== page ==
Nothing like doing the hard thing that you know is important, that you know is true to the heart of who you are, to help you grow and thrive.
Twist #3: The gift of the Spirit
How, you ask, are you going to do that hard work of Jesus’ calling in the world?
Jesus anticipated your question.
He breathed on them and said to them,
‘Receive the Holy Spirit.’” (John 20:22 NRSV)
You will be able to live out your calling in the world because the Holy Spirit will be in you, and with you, and working through you. You’ve been given the hot sweet breath of the risen Lord, so breathe it in and be about your business.
If you are like most Protestants you think the Holy Spirit was first given, and the Church first existed, at Pentecost.
No. The Church was right there already. It just grew at Pentecost.
And the Holy Spirit was there in them already. They just received great power at Pentecost.
Actually they had considerable power already, back when Jesus breathed on them behind locked doors. That day he gave them the power of the Gospel, the power of the Kingdom. The Spirit was given so that they could do Jesus’ own work, what he was sent by the Father to do: bringing forgiveness in his name.
Twist #4: The gift of accommodation
But poor Thomas was out that evening.
When they told him they’d seen the risen Lord, he refused to believe. We call it “doubt” but that’s not quite how it was portrayed. It is more like “refusal,” or “setting up conditions.”
But then, “Doubting Thomas” has a much better ring to it than “Condition-Setting Thomas.” And we all have doubts, right?
Unless I see… and put my finger… and my hand… I will not believe.” (John 20:25 NRSV)
Thomas doesn’t want to take anybody’s word for it. He wants to trust only his own senses. And he sets up those senses of his as conditions that God must meet. Which is, I think, rather appalling.
The gracious gift of God is that Jesus actually accommodates Thomas. Jesus meets his conditions. He makes a special appearance, apparently just to let Thomas get the particular kind of evidence he insists on.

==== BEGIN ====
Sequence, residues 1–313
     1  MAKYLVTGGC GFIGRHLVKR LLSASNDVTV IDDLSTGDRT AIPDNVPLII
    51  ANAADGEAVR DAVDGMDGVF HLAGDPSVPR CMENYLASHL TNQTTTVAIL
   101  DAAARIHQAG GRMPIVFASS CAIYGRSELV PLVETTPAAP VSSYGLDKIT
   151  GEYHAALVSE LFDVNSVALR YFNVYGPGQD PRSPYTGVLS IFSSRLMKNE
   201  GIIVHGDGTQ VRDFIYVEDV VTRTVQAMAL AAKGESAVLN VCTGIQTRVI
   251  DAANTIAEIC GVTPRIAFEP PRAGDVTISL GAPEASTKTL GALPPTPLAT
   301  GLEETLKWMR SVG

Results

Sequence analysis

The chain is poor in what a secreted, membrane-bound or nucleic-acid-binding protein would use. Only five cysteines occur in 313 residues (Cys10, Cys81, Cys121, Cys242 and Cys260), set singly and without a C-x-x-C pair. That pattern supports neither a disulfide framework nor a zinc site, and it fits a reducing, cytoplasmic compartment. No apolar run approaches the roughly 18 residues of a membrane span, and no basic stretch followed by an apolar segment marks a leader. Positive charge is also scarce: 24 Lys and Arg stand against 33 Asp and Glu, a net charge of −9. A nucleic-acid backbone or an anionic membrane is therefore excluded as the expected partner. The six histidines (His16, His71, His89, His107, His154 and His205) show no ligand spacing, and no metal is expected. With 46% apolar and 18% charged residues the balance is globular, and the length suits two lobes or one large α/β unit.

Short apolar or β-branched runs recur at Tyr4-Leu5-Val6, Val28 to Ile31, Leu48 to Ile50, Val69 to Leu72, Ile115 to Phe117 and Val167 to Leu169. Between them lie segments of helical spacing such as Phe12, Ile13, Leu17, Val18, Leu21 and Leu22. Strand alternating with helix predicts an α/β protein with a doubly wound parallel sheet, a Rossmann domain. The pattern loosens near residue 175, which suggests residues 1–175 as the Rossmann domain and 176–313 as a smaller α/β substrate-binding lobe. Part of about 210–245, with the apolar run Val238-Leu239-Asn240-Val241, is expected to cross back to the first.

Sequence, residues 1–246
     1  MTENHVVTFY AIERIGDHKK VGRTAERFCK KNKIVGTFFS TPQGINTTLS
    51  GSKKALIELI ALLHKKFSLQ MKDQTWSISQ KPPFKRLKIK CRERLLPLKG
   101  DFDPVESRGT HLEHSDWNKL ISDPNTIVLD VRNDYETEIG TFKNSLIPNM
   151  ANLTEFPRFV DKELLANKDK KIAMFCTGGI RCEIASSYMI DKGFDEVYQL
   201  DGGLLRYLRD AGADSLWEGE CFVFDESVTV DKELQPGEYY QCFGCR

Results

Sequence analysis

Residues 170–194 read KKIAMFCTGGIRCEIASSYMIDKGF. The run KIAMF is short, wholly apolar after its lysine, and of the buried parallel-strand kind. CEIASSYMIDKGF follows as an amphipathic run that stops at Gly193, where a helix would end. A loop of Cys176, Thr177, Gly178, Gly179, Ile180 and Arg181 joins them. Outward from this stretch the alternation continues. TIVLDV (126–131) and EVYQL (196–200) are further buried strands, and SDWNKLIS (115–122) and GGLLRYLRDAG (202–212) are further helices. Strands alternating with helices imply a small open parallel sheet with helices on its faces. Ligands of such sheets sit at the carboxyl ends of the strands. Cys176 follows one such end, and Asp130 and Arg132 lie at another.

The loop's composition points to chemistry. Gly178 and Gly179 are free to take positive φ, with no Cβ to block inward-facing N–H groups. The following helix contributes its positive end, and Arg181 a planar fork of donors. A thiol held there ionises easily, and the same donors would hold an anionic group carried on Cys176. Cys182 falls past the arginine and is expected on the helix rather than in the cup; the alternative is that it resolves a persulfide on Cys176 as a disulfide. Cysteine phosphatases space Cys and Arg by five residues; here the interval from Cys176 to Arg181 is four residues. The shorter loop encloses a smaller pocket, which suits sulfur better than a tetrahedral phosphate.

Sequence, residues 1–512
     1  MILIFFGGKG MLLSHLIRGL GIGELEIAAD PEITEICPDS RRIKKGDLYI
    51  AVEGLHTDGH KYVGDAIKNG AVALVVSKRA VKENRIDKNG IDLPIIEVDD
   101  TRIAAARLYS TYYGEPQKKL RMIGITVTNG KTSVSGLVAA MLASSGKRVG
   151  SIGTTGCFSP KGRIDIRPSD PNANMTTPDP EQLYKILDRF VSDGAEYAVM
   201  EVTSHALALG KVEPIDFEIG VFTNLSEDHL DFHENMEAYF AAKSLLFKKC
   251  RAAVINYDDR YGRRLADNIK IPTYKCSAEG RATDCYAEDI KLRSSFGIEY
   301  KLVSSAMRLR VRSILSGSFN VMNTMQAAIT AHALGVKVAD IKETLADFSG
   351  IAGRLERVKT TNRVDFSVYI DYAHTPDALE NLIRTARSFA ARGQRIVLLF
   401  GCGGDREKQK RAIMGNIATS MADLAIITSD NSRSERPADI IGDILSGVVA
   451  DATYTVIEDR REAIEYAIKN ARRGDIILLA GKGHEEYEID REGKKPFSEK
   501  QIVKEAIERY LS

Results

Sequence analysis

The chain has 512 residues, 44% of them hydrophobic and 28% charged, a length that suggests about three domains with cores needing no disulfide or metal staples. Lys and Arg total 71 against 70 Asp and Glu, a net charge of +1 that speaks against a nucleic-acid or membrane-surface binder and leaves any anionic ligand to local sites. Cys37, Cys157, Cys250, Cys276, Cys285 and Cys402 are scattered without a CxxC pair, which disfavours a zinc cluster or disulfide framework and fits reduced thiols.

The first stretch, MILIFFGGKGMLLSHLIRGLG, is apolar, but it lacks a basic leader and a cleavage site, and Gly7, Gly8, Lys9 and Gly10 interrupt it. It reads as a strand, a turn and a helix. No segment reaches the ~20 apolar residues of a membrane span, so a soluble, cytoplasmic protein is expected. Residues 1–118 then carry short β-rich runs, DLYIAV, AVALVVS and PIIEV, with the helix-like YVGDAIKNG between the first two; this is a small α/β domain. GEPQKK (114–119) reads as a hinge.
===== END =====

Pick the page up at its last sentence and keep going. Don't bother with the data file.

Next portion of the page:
The rest of us, Jesus notes, have to make do with less accommodation. We have to put up with the fact that we hear of the resurrection from other witnesses. And Jesus says we are the blessed ones. It is a blessed thing to trust your friends who have borne witness down through the ages.
I wonder if we should take Thomas as any kind of inspiration in our own doubts.
I think most of the time we misuse the term.
We say we have “doubts” but what what we mean is we have “unanswered questions.”
Questions are good and useful. If you don’t have any questions, you never learn anything.
Not every question we ask will be answered. But we’ve been charged with loving God with our whole minds, so we need to ask the questions and probe for answers.
But we ought not do like Thomas and set up our questions as conditions for God:
Only if you do my will, O Lord, and give me the evidence I want, will I believe.
Jesus gives Thomas that evidence, but he kind or reproves him too.
The translations usually say
Do not doubt but believe.” (John 20:27 NRSV)
But the vocabulary is more parallel:
Don’t be unbelieving, but believing.
Both the word for faith and its negation in this passage are the same at their root. In both cases it is less about the facts and more about the relationship.
Believing, having faith, trusting, is something you do.
We, like Thomas, are called to live lives of trusting God — whatever our senses say in support or contradiction.
Thomas problem of “disbelieving” was not limited to the fact that he missed the Easter evening appearance of Jesus. He distrusted what Jesus had told him in life, and then distrusted what Jesus’ other followers told him about the fulfillment of Jesus’ promise.
Twist #5: The gift of believing
And then, not quoting Jesus but commenting on Jesus’ words, John tells us why all this believing matters.
This “believing” stuff is the whole purpose of the Gospel he’s written. It is all there so you can trust the promise that Jesus is the Messiah, God incarnate, and in trusting find new life.
Because living in distrust? That’s a walking death.